The commercial aftermarket is surging, but rising demand in capacity-limited areas, notably engine overhauls, is threatening to create a bottleneck that could leave the market struggling to manage its success.
A Canaccord Genuity survey underscores that airline MRO, driven by steady demand for passenger and cargo lift, is trending upward. “As we have been conducting research for this survey, we have not heard as much optimism for the market since 2014,” Canaccord analyst Ken Herbert wrote in a research note. Canaccord’s canvassing of more than 40 MRO providers—including both OEMs and independent shops—concluded that MRO sales were up 7% in the first quarter, with parts sales lagging just behind.
Among the risks: a jump in fuel prices that could curb demand and make airlines less likely to invest in older, more maintenance-hungry equipment. However, Herbert sees this as unlikely. “Moreover, we believe the airlines waited [about] two years before increasing investments on older aircraft as fuel prices dropped in H2/15, and the investments now we believe support the view that the industry is not viewing crude pricing as a major near-term risk,” he wrote.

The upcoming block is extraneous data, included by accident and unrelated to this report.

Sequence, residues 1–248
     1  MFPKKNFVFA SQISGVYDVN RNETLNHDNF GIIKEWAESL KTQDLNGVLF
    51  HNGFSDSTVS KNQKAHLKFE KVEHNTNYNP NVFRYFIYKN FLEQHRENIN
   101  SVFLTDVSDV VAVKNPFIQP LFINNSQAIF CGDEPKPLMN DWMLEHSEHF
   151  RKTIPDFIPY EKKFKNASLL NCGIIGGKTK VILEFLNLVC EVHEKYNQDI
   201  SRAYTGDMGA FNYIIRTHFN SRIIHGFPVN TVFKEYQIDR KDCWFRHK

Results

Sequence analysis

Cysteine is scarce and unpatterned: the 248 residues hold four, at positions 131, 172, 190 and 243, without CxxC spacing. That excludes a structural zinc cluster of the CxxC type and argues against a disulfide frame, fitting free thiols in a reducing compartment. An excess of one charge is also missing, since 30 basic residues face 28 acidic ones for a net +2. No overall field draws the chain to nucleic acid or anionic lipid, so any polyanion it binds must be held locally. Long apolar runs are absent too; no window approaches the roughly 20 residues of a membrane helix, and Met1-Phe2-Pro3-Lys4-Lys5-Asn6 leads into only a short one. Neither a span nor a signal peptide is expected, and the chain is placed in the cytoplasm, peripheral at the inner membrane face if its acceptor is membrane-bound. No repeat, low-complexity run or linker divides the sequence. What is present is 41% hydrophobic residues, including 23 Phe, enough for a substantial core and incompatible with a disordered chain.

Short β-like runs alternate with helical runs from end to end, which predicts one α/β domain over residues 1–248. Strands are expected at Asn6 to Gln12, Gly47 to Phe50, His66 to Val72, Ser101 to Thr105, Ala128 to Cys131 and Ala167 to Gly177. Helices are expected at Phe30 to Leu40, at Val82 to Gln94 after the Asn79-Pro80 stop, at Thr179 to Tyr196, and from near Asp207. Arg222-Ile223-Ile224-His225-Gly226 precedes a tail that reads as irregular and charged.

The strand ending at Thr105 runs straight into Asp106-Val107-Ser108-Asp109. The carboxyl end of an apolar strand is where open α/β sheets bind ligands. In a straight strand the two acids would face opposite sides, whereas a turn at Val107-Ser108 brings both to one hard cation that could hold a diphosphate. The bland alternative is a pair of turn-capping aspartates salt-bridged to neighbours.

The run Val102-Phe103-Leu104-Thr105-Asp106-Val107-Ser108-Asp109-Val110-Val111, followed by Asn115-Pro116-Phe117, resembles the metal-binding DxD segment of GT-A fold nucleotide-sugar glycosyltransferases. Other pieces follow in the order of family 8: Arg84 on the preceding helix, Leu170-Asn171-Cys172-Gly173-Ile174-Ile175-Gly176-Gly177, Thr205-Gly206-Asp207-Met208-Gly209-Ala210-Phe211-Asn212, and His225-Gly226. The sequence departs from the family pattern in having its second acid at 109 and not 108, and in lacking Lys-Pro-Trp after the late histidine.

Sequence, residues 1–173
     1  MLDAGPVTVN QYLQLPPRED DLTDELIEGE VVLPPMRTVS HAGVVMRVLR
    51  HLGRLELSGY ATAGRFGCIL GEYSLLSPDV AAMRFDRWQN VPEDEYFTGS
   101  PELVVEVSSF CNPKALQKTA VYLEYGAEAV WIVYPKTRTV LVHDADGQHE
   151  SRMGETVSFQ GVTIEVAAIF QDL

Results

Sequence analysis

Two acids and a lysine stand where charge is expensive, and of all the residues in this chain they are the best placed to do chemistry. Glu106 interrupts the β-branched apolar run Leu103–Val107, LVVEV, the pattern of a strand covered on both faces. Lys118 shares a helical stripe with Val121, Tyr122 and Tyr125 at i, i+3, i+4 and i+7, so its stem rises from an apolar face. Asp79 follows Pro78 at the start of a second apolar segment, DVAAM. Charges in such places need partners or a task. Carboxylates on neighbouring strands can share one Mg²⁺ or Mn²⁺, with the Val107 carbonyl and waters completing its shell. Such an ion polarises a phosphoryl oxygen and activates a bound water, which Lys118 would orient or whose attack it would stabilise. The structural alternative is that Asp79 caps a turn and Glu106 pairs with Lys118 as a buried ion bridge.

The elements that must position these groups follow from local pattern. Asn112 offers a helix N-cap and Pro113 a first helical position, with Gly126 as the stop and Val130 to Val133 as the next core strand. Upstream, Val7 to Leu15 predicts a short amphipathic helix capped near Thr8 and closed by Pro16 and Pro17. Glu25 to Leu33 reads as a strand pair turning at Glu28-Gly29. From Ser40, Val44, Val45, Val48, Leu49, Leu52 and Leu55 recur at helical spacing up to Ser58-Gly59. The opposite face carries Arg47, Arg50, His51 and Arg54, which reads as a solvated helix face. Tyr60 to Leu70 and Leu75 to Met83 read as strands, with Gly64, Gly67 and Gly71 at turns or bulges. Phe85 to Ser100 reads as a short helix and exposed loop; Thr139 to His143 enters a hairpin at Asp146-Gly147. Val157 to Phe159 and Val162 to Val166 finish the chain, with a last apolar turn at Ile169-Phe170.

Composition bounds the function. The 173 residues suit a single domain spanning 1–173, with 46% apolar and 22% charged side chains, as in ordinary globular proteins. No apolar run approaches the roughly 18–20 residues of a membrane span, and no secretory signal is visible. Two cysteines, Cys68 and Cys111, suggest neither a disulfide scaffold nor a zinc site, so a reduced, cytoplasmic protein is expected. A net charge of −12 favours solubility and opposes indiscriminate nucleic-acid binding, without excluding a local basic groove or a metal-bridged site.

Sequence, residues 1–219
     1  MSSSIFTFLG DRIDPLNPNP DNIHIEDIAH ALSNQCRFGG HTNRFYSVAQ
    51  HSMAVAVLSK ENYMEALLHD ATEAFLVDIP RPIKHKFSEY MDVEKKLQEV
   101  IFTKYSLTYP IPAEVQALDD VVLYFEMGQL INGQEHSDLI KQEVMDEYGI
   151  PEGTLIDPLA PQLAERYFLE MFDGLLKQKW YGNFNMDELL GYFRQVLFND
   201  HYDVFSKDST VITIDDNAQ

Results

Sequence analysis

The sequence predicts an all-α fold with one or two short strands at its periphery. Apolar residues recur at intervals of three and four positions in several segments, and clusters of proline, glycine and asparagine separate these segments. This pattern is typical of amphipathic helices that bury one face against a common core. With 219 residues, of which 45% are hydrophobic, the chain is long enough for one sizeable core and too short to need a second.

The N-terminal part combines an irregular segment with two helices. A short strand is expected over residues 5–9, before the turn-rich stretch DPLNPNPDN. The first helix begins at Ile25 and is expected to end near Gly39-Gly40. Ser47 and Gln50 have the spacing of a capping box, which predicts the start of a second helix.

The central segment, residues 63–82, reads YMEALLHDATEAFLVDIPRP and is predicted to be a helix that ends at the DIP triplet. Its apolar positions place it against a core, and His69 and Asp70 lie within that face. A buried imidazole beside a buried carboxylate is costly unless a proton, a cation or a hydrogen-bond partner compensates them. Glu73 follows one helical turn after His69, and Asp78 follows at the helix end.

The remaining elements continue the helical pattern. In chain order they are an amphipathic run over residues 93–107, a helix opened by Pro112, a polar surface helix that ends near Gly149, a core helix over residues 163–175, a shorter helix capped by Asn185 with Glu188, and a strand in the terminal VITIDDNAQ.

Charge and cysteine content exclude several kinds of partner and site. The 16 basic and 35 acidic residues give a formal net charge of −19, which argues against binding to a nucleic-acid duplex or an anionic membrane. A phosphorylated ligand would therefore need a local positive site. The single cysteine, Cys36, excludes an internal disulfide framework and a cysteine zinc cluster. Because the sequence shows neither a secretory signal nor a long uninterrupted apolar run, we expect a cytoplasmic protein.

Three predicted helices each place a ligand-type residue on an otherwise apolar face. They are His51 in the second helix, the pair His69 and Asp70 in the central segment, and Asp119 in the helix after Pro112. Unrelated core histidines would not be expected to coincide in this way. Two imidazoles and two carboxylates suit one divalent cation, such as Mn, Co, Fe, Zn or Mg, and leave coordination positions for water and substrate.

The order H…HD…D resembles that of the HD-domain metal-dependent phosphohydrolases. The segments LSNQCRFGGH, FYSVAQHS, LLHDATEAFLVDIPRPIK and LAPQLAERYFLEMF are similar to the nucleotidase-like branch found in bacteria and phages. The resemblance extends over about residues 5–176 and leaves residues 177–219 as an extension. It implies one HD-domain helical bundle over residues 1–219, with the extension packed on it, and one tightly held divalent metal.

Another risk that is more of a near-term threat: surging demand for engine overhauls, particularly on the global fleet’s narrowbody workhorses, the Boeing 737NG and AirbusA320ceo families. Even before the recent rise in aircraft utilization, both the CFM InternationalCFM56 and International Aero Engines V2500 families were on track to see rising overhaul demand for key models, driven by the timing on initial overhauls and engines coming back for second shop visits. Mix in some extended utilization of older aircraft supporting strong global passenger demand, and global overhaul capacity for some models is tightening.
“As a result, the industry is facing growing turn-around times for engine shop visits, and the scarcity of some narrowbody engine material has become a real risk to the growth in the engine aftermarket, in our view,” Herbert wrote. “In the near term, we believe this is a positive for the engine OEMs (more new material sales as there is less [used material] than expected), but it does pose a substantial risk if capacity and lead times do not improve ahead of the summer flying season.”
Recent earnings reports underscore the engine aftermarket’s strong position. GE Aviation reported a 12% year-over-year (YOY) increase in aviation services, while Pratt & Whitney saw commercial aftermarket growth up 18% YOY, calling out the V2500 and PW4000 as notable contributors.
Bigger-picture, companies are reporting results that support strong MRO sales across the board. UTC Aerospace Systems said its commercial aftermarket was up 16% YOY, with initial provisioning playing a major role in the jump. Honeywell said its aftermarket was up 4% last quarter—a figure that executives said is reflective of the company’s increasing reliance on long-term service agreements that deliver more consistent returns.